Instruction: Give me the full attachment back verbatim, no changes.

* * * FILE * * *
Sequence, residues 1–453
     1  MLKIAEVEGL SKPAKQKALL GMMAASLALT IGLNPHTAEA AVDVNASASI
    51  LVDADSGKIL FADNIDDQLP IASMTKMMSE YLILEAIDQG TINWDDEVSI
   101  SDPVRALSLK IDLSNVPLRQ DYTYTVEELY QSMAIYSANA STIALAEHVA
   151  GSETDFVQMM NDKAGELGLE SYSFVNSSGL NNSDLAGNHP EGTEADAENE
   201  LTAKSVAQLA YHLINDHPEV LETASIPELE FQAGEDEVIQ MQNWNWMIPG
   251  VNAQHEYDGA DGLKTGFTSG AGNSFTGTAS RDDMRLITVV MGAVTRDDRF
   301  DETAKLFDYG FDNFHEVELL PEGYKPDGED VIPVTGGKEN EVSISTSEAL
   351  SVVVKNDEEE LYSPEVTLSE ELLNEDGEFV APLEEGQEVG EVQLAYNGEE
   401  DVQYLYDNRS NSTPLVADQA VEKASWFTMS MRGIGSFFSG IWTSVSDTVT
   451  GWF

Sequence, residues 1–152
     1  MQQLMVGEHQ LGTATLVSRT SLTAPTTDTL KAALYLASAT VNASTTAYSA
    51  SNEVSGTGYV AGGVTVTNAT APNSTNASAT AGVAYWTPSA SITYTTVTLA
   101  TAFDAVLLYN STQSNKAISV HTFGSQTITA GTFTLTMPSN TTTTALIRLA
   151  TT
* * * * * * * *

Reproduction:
Sequence, residues 1–453
     1  MLKIAEVEGL SKPAKQKALL GMMAASLALT IGLNPHTAEA AVDVNASASI
    51  LVDADSGKIL FADNIDDQLP IASMTKMMSE YLILEAIDQG TINWDDEVSI
   101  SDPVRALSLK IDLSNVPLRQ DYTYTVEELY QSMAIYSANA STIALAEHVA
   151  GSETDFVQMM NDKAGELGLE SYSFVNSSGL NNSDLAGNHP EGTEADAENE
   201  LTAKSVAQLA YHLINDHPEV LETASIPELE FQAGEDEVIQ MQNWNWMIPG
   251  VNAQHEYDGA DGLKTGFTSG AGNSFTGTAS RDDMRLITVV MGAVTRDDRF
   301  DETAKLFDYG FDNFHEVELL PEGYKPDGED VIPVTGGKEN EVSISTSEAL
   351  SVVVKNDEEE LYSPEVTLSE ELLNEDGEFV APLEEGQEVG EVQLAYNGEE
   401  DVQYLYDNRS NSTPLVADQA VEKASWFTMS MRGIGSFFSG IWTSVSDTVT
   451  GWF

Sequence, residues 1–152
     1  MQQLMVGEHQ LGTATLVSRT SLTAPTTDTL KAALYLASAT VNASTTAYSA
    51  SNEVSGTGYV AGGVTVTNAT APNSTNASAT AGVAYWTPSA SITYTTVTLA
   101  TAFDAVLLYN STQSNKAISV HTFGSQTITA GTFTLTMPSN TTTTALIRLA
   151  TT